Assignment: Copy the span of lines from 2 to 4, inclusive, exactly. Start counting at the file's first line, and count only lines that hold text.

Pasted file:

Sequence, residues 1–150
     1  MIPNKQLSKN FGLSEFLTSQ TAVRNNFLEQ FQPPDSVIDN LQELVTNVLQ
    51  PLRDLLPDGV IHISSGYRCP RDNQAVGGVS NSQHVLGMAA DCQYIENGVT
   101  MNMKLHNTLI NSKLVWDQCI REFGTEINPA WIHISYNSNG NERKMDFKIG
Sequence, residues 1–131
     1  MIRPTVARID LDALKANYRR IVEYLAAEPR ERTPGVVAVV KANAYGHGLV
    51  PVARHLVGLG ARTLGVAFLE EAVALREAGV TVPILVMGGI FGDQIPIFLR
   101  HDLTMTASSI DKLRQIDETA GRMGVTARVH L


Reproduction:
     1  MIPNKQLSKN FGLSEFLTSQ TAVRNNFLEQ FQPPDSVIDN LQELVTNVLQ
    51  PLRDLLPDGV IHISSGYRCP RDNQAVGGVS NSQHVLGMAA DCQYIENGVT
   101  MNMKLHNTLI NSKLVWDQCI REFGTEINPA WIHISYNSNG NERKMDFKIG